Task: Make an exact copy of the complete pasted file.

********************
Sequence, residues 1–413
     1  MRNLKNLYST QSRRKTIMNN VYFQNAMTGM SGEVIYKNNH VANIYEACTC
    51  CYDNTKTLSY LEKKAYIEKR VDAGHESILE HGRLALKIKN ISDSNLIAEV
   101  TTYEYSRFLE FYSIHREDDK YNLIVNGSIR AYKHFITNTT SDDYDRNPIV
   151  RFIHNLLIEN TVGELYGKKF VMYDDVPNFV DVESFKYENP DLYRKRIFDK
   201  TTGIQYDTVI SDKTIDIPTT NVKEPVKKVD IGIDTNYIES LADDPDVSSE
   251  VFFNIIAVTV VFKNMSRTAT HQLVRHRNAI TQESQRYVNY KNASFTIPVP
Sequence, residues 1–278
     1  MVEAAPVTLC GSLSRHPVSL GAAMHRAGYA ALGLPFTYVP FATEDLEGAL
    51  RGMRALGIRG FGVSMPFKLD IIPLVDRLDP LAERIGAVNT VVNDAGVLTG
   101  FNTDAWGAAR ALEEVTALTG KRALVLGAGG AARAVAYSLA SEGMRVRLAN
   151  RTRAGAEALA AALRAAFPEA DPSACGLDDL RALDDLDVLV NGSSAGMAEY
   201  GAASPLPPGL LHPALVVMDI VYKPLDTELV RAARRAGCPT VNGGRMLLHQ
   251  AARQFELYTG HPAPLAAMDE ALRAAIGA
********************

Sequence, residues 1–413
     1  MRNLKNLYST QSRRKTIMNN VYFQNAMTGM SGEVIYKNNH VANIYEACTC
    51  CYDNTKTLSY LEKKAYIEKR VDAGHESILE HGRLALKIKN ISDSNLIAEV
   101  TTYEYSRFLE FYSIHREDDK YNLIVNGSIR AYKHFITNTT SDDYDRNPIV
   151  RFIHNLLIEN TVGELYGKKF VMYDDVPNFV DVESFKYENP DLYRKRIFDK
   201  TTGIQYDTVI SDKTIDIPTT NVKEPVKKVD IGIDTNYIES LADDPDVSSE
   251  VFFNIIAVTV VFKNMSRTAT HQLVRHRNAI TQESQRYVNY KNASFTIPVP
Sequence, residues 1–278
     1  MVEAAPVTLC GSLSRHPVSL GAAMHRAGYA ALGLPFTYVP FATEDLEGAL
    51  RGMRALGIRG FGVSMPFKLD IIPLVDRLDP LAERIGAVNT VVNDAGVLTG
   101  FNTDAWGAAR ALEEVTALTG KRALVLGAGG AARAVAYSLA SEGMRVRLAN
   151  RTRAGAEALA AALRAAFPEA DPSACGLDDL RALDDLDVLV NGSSAGMAEY
   201  GAASPLPPGL LHPALVVMDI VYKPLDTELV RAARRAGCPT VNGGRMLLHQ
   251  AARQFELYTG HPAPLAAMDE ALRAAIGA